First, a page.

Embodiments of the present invention provide a resistive memory cell random access device. In one embodiment, the present invention relates to a resistive memory cell random access memory device comprising a plurality of first current lines; a plurality of second current lines; a plurality of third current lines being formed as split current lines; and an array of resistive memory cells arranged in columns defined by said first current lines and rows defined by said third current lines, each resistive memory cell including a resistive memory element and an access transistor connected in series, each memory cell being connected between one of said first current lines and a reference potential, wherein said access transistors being FinFET-type field effect transistors, each one having two independent gates and a common floating body, and wherein each third current line being connected to one of said two independent gates of each one of the access transistors of a row of said array and being connected to one of said two independent gates of each one of the access transistors of an adjacent row of said array. It also relates to a method for its fabrication.
The accompanying drawings are included to provide a further understanding of the present invention and are incorporated in and constitute a part of this specification. The drawings illustrate the embodiments of the present invention and together with the description serve to explain the principles of the invention. Other embodiments of the present invention and many of the intended advantages of the present invention will be readily appreciated as they become better understood by reference to the following detailed description. The elements of the drawings are not necessarily to scale relative to each other. Like reference numerals designate corresponding similar parts.
In the following Detailed Description, reference is made to the accompanying drawings, which form a part hereof, and in which is shown by way of illustration specific embodiments in which the invention may be practiced. In this regard, directional terminology, such as “top,” “bottom,” “front,” “back,” “leading,” “trailing,” etc., is used with reference to the orientation of the Figure(s) being described. Because components of embodiments of the present invention can be positioned in a number of different orientations, the directional terminology is used for purposes of illustration and is in no way limiting. It is to be understood that other embodiments may be utilized and structural or logical changes may be made without departing from the scope of the present invention. The following detailed description, therefore, is not to be taken in a limiting sense, and the scope of the present invention is defined by the appended claims.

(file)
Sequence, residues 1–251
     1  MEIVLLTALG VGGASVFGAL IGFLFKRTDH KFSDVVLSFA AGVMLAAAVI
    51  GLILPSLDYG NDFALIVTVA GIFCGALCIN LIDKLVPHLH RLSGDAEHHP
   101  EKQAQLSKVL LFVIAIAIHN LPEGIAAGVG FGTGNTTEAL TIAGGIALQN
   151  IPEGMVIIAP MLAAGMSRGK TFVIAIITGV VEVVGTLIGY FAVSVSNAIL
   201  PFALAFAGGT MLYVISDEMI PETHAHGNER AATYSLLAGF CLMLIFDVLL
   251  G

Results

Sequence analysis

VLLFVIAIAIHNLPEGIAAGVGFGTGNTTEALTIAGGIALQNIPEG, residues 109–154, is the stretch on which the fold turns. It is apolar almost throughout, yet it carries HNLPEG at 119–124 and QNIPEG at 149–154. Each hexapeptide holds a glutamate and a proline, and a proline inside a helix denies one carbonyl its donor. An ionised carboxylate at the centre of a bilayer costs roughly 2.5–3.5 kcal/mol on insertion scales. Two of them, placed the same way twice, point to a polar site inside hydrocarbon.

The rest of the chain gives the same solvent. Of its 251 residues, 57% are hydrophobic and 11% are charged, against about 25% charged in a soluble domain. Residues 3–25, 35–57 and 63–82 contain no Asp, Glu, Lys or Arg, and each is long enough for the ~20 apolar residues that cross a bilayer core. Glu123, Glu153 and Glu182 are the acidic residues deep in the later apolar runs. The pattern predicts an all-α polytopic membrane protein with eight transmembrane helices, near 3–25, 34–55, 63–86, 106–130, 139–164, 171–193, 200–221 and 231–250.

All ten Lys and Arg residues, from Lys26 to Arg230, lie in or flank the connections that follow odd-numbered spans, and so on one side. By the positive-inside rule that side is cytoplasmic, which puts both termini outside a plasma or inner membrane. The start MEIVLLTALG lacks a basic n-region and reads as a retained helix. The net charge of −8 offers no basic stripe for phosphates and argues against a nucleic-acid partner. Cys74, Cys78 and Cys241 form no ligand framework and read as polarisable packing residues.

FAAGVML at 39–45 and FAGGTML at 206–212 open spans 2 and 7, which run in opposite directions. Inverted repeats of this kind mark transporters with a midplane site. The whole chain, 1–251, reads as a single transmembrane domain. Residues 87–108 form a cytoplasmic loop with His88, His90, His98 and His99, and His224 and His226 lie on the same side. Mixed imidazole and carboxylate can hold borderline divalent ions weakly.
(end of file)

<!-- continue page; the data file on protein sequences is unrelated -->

In one embodiment, the present invention provides resistive memory cell random access device, which comprises a plurality of first current lines, which may be identified by bit lines, a plurality of second current lines, which may be identified by write word lines, a plurality of third current lines, which are formed as split current lines and which may be identified by read word lines, and a plurality of resistive memory cells. The resistive memory cells are arranged in a memory matrix array, the columns of which are defined by the first current lines and the rows of which are defined by the third current lines and eventually second current lines. Each resistive memory cell typically includes a resistive memory element and an access transistor connected in series therewith, and, respective portions of the first, second and third current lines. The above series connection is connected between one of the first current lines and a reference potential, which may be chosen to be ground, particularly common ground. In other words, the access transistors are connected to the resistive memory elements by their drain-source paths.